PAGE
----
Want to have a job in an AI world? Start preparing now
The Drum’s founder reports back from WPP’s Stream conference in Athens, where AI’s impact on marketing and media jobs was a hot topic.
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‘In conclusion’ seems the preferred way for ChatGPT to end its articles. To me, it’s a tell that something has been produced using AI, but I’ve been seeing it a lot more often at the end of reports, blogs and articles that cross my computer screen.
It is a sign that the great AI tsunami is already inundating adland. It has already inundated the conversations at every marketing summit.
It has also been said that it is a prime concern of UK prime minister Rishi Sunak, who is planning a summit of his own to work out how best to regulate AI. Leading executives from OpenAI, Google DeepMind and Anthropic are expected to join the two-day conference next week.
The gathering is being held in Bletchley Park, home of Allied code-breaking during WWII, and will aim to ensure a system where AI is used for the good – as opposed to the detriment – of humanity. Delegates will be asked to endorse a statement in advance. It is still being drafted but may include a warning that AI risks causing ‘catastrophic harm’ if left unchecked.
I have just returned from WPP Stream, an ‘unconference’ where most agreed with that warning. There was another anxious subtext to all of the talks of improved productivity, efficiency and capability, however – the impact AI may have on marketing and media jobs.
We heard estimates of how creative production costs could be reduced by 85%, how commercials could be made using a fraction of crew and cast, as well as how much of media buying could be automated.
I could go on, but suffice to say there is no high ground to protect against the scale of this wave. The impact has already been profound despite the fact we are nowhere near high tide.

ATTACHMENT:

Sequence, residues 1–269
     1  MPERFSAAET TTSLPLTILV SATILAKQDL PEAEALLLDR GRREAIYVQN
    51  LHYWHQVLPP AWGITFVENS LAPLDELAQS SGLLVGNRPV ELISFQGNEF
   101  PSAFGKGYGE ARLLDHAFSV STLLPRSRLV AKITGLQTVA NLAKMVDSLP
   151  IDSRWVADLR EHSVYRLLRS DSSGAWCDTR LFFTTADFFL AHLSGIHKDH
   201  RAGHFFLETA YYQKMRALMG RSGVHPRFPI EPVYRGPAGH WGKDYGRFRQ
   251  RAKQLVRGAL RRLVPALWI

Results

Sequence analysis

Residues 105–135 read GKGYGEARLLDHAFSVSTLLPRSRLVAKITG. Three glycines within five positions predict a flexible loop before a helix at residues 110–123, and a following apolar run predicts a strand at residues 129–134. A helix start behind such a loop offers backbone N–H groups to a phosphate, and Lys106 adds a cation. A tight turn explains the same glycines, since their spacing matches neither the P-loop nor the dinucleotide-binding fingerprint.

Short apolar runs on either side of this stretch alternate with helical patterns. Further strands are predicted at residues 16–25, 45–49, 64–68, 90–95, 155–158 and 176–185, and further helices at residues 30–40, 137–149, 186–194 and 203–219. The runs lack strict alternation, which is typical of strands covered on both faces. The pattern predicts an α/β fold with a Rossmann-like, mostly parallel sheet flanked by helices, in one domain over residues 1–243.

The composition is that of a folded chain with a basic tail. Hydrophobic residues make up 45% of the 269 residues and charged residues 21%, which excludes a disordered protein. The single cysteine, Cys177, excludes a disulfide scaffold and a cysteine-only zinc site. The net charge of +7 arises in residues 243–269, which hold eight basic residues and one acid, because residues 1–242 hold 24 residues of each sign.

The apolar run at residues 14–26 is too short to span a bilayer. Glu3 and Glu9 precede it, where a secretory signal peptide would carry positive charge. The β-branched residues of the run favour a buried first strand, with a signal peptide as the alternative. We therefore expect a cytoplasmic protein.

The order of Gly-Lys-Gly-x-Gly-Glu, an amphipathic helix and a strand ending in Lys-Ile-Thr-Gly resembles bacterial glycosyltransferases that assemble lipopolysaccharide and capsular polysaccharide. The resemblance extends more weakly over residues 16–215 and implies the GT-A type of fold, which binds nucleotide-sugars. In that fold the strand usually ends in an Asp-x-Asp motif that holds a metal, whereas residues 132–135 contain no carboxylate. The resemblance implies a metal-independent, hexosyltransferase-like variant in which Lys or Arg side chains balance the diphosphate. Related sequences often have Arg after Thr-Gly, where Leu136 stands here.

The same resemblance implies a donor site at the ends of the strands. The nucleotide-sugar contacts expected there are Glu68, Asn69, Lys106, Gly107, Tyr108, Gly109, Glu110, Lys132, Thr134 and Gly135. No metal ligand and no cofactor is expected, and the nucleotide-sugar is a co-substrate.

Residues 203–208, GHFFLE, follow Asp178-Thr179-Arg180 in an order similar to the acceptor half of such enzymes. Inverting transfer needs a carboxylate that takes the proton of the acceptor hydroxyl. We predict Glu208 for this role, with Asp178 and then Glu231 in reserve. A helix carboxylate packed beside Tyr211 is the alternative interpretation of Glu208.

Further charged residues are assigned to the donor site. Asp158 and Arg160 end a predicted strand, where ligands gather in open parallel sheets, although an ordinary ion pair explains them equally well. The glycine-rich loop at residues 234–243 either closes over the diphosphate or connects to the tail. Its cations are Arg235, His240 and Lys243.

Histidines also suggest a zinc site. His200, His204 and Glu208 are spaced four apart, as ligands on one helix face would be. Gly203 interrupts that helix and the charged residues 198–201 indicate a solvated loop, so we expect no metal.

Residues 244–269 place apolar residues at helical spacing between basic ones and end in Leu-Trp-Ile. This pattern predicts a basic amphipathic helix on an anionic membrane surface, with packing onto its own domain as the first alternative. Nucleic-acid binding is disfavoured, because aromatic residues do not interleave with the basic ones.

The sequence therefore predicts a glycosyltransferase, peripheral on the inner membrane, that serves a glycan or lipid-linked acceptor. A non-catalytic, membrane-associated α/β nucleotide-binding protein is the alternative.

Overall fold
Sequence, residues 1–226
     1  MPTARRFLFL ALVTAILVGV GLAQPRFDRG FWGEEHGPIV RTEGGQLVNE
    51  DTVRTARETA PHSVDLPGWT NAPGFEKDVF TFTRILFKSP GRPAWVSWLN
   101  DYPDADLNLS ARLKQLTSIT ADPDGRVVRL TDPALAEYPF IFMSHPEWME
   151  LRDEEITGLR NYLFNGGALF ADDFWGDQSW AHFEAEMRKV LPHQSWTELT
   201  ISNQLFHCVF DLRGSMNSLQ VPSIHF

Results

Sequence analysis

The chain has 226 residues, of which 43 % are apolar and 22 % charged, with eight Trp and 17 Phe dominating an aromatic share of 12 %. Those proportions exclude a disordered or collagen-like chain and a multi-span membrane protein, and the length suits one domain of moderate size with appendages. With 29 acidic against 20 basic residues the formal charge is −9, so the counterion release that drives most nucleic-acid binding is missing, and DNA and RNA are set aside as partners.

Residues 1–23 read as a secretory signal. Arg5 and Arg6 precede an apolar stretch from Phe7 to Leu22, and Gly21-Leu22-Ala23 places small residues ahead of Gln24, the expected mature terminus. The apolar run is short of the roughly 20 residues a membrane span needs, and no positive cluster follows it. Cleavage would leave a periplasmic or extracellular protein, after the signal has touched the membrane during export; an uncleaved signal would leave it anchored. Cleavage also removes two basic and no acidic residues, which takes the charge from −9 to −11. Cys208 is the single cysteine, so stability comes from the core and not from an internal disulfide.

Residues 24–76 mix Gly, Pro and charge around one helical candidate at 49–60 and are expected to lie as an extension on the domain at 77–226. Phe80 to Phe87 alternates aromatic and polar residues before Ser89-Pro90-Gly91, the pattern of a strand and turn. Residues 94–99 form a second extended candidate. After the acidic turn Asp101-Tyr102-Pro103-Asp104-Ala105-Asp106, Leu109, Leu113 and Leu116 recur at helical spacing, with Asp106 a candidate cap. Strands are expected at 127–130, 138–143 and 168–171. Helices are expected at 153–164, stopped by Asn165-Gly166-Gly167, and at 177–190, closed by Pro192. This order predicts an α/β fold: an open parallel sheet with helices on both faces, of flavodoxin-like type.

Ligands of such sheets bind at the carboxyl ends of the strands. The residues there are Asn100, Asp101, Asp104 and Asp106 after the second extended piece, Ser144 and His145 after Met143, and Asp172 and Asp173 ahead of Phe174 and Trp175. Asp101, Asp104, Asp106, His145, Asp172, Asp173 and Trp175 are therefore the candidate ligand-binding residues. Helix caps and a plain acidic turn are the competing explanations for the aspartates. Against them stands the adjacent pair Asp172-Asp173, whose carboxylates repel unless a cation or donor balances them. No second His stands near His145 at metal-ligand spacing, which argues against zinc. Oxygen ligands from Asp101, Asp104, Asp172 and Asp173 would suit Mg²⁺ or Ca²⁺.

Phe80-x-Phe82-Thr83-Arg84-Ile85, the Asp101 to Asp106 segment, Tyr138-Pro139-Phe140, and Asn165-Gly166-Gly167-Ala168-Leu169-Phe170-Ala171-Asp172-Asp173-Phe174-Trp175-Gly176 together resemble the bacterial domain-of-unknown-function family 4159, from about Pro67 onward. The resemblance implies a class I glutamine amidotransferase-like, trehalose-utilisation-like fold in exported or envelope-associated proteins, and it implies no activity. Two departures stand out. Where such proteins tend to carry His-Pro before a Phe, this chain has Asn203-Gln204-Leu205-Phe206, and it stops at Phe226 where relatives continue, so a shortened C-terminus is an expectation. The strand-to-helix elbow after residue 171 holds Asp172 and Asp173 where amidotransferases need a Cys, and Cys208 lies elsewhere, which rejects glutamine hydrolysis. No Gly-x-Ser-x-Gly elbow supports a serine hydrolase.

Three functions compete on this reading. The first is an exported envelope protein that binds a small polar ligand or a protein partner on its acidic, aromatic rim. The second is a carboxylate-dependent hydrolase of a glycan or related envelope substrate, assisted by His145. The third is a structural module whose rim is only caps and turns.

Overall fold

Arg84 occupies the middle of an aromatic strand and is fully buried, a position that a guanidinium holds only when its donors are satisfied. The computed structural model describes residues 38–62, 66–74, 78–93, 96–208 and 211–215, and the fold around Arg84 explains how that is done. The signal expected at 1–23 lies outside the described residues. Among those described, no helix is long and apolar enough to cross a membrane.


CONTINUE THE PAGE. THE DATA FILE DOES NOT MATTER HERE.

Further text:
The Bletchley Park meeting is likely to focus on the development of artificial intelligence that surpasses human intelligence. That prospect could lead to potentially catastrophic consequences, as these advanced AI systems may not be aligned with human values.
But AI, even in the current large language model form, is already highly disruptive. As day turned to night at the WPP Stream event in Athens, some of the conversations also turned dark. Many of the roles people currently have will soon be replaced with AI.
The speed of change is perhaps its biggest short-term threat. Any ecosystem faces collapse when the environment changes faster than its ability to evolve. And I doubt the economic issues will top the agenda at Bletchley, which will first want to mitigate against any threat that the tech poses to humanity itself.
So how can people and companies prepare themselves for this new environment? First, they need to lean into AI, embrace it at every opportunity and get to know the tools that will have the most impact. Take every chance to experiment, play with and use them. Understanding AI is key to ensuring it is as much an opportunity as a threat.
But large language models also have a serious flaw – they need original human content to avoid model collapse. In other words, when AI feeds off of other AI, mistakes are replicated, applied and repeated until the system starts talking gibberish.
So, these systems do need real people to produce original content to work – at the moment, at least. Research has found that AI based on a small data set made up of authentic human content is more reliable than systems that use far larger data sets of synthetic content.
While the scale of disruption we face is without parallel, so are the opportunities. Applications in medicine, finance and manufacturing will be game-changing, but so too will advances in how marketing will work.
85% productivity savings is also another way of saying we can achieve 85% more. At Stream, I met many new companies that were already exploiting the tech. They underline there will be jobs in this new world for those who start preparing now.